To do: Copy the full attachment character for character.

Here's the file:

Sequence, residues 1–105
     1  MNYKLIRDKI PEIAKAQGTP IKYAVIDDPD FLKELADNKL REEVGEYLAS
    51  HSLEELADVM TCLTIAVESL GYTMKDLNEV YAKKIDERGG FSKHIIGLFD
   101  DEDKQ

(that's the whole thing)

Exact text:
Sequence, residues 1–105
     1  MNYKLIRDKI PEIAKAQGTP IKYAVIDDPD FLKELADNKL REEVGEYLAS
    51  HSLEELADVM TCLTIAVESL GYTMKDLNEV YAKKIDERGG FSKHIIGLFD
   101  DEDKQ